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Another option for skin cancer

Squamous cell and basal cell carcinomas are the two most common types of skin cancer. They impact 3 million Americans each year, a large percentage of them seniors. The most popular treatments for these cancers typically include surgical removal and external beam radiation therapy.

But for elderly patients who may not be good candidates for either of these treatments, a non-surgical alternative called high-dose-rate brachytherapy may offer excellent cure rates and cosmetic outcomes, according to new research on the procedure.

In high-dose-rate brachytherapy, a precise dose of radiation is delivered directly to the cancerous cells through catheters implanted into a custom-fitted applicator. A course of treatment includes six three-minute sessions over two weeks. By contrast, external beam radiation treatments can last up to six hours at a time, over a period of six weeks. 

“For elderly patients who don’t heal as well and may have additional medical problems, surgery may not be the best option,” said Ashwatha Narayana, M.D., chairman of the Department of Radiation Oncology at Northern Westchester Hospital in Mount Kisco, New York. “Treatment with external beam radiation therapy can [also] be too long and painful … It also exposes healthy tissue around the lesion to radiation, which can increase side effects.”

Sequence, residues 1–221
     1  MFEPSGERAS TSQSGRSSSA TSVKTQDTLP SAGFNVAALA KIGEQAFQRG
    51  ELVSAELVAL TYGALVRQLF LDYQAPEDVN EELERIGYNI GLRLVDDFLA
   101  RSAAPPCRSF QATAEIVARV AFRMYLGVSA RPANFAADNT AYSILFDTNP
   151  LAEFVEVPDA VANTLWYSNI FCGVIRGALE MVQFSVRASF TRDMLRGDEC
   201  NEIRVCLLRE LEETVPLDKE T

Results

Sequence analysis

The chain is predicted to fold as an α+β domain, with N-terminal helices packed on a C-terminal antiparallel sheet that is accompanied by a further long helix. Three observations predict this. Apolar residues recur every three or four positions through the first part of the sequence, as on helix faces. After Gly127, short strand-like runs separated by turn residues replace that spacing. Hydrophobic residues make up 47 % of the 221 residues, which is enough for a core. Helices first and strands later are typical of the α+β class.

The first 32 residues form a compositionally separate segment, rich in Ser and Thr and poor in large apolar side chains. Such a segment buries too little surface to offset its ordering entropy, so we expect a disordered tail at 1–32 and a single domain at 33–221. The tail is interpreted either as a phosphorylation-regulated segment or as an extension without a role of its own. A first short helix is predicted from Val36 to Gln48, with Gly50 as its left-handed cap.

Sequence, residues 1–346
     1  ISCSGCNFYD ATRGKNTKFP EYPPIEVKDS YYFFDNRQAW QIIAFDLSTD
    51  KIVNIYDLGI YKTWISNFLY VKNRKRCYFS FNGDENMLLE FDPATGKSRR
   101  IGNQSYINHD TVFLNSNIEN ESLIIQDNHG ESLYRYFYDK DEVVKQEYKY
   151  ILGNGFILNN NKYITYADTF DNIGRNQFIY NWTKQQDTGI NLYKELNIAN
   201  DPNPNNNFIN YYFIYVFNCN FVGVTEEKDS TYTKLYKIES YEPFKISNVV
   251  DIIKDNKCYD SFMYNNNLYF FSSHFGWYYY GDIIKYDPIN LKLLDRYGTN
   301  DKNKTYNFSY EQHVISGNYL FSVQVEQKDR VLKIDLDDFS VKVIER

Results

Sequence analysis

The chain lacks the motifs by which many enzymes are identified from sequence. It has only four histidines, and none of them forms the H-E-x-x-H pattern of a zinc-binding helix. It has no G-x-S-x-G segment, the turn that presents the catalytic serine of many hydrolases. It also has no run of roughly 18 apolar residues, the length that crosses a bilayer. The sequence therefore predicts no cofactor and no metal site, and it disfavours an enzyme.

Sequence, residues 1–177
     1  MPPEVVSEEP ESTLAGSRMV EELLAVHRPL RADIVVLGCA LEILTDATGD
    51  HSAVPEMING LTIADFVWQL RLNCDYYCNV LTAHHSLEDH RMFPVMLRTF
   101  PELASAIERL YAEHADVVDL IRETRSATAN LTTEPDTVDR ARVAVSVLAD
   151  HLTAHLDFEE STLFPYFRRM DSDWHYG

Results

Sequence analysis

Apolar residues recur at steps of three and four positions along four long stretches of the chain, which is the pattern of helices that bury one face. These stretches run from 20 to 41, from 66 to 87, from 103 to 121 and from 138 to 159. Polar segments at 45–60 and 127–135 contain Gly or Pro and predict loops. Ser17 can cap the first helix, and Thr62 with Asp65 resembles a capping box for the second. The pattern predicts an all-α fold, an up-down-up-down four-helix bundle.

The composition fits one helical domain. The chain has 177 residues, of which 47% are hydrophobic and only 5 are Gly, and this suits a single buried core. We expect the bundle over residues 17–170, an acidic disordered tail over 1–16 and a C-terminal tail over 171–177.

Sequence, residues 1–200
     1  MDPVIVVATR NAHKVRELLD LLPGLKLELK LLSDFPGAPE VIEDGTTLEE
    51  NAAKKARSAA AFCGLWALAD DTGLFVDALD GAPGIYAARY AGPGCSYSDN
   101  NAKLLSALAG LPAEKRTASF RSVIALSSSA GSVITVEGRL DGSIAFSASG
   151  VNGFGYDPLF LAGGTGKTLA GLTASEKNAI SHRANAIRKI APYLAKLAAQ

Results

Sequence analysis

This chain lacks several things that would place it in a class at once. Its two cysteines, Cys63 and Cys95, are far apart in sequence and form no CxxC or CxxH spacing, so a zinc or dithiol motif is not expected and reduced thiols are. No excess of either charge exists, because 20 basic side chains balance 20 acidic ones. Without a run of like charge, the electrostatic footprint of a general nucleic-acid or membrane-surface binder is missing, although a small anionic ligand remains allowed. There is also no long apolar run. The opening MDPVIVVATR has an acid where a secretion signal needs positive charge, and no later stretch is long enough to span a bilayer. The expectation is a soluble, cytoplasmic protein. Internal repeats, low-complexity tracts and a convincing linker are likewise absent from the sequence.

Narayana said brachytherapy delivers a higher dose of radiation directly to the tumor while sparing healthy tissue nearby. Patients have minimal recovery time and typically experience little or none of the nausea, hair loss or diarrhea external radiation can cause. They can also return to normal activities after the procedure.

During the study, radiologists used high-dose-rate brachytherapy to treat 70 patients between the ages of 70 and 100 who had early stages of skin cancer. 

“We had a cure rate of 96% in patients with squamous cell carcinoma and 98% in patients with basal cell carcinoma, and cosmetic outlook was excellent in 90% of cases,” Narayana said. “This is a great treatment option compared to surgery…The results are impressive.”

He added that while brachytherapy has thus far failed to catch on as a treatment for non-melanoma skin cancers in the elderly, he hopes results of this study will help raise awareness of what he called a  “powerful” treatment alternative.

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